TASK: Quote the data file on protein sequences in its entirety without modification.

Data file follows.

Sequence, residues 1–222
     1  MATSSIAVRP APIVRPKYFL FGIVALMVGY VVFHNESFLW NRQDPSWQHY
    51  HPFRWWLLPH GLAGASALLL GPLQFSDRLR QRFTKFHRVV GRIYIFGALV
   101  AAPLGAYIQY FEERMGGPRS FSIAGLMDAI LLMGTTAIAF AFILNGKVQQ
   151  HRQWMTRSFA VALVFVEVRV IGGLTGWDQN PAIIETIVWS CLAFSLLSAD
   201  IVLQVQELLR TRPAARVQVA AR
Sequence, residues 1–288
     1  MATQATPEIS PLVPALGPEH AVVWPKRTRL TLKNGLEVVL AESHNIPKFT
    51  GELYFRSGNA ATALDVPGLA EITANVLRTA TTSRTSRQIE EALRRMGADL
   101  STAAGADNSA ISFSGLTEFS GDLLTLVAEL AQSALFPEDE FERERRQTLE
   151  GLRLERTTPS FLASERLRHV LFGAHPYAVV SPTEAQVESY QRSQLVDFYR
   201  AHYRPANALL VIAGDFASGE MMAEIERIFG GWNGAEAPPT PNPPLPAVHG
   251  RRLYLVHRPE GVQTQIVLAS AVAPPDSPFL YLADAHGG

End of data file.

Sequence, residues 1–222
     1  MATSSIAVRP APIVRPKYFL FGIVALMVGY VVFHNESFLW NRQDPSWQHY
    51  HPFRWWLLPH GLAGASALLL GPLQFSDRLR QRFTKFHRVV GRIYIFGALV
   101  AAPLGAYIQY FEERMGGPRS FSIAGLMDAI LLMGTTAIAF AFILNGKVQQ
   151  HRQWMTRSFA VALVFVEVRV IGGLTGWDQN PAIIETIVWS CLAFSLLSAD
   201  IVLQVQELLR TRPAARVQVA AR
Sequence, residues 1–288
     1  MATQATPEIS PLVPALGPEH AVVWPKRTRL TLKNGLEVVL AESHNIPKFT
    51  GELYFRSGNA ATALDVPGLA EITANVLRTA TTSRTSRQIE EALRRMGADL
   101  STAAGADNSA ISFSGLTEFS GDLLTLVAEL AQSALFPEDE FERERRQTLE
   151  GLRLERTTPS FLASERLRHV LFGAHPYAVV SPTEAQVESY QRSQLVDFYR
   201  AHYRPANALL VIAGDFASGE MMAEIERIFG GWNGAEAPPT PNPPLPAVHG
   251  RRLYLVHRPE GVQTQIVLAS AVAPPDSPFL YLADAHGG